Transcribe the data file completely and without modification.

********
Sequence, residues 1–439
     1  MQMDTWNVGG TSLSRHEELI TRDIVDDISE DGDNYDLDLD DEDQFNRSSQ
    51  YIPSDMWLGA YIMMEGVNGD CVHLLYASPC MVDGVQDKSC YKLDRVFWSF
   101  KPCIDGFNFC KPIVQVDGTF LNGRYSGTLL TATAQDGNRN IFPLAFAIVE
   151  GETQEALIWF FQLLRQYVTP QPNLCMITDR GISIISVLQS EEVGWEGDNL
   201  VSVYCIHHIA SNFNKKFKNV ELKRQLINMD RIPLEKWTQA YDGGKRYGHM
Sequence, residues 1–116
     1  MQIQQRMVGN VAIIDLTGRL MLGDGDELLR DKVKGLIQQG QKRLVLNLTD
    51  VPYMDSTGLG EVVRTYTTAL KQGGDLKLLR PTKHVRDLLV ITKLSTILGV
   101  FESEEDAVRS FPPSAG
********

Sequence, residues 1–439
     1  MQMDTWNVGG TSLSRHEELI TRDIVDDISE DGDNYDLDLD DEDQFNRSSQ
    51  YIPSDMWLGA YIMMEGVNGD CVHLLYASPC MVDGVQDKSC YKLDRVFWSF
   101  KPCIDGFNFC KPIVQVDGTF LNGRYSGTLL TATAQDGNRN IFPLAFAIVE
   151  GETQEALIWF FQLLRQYVTP QPNLCMITDR GISIISVLQS EEVGWEGDNL
   201  VSVYCIHHIA SNFNKKFKNV ELKRQLINMD RIPLEKWTQA YDGGKRYGHM
Sequence, residues 1–116
     1  MQIQQRMVGN VAIIDLTGRL MLGDGDELLR DKVKGLIQQG QKRLVLNLTD
    51  VPYMDSTGLG EVVRTYTTAL KQGGDLKLLR PTKHVRDLLV ITKLSTILGV
   101  FESEEDAVRS FPPSAG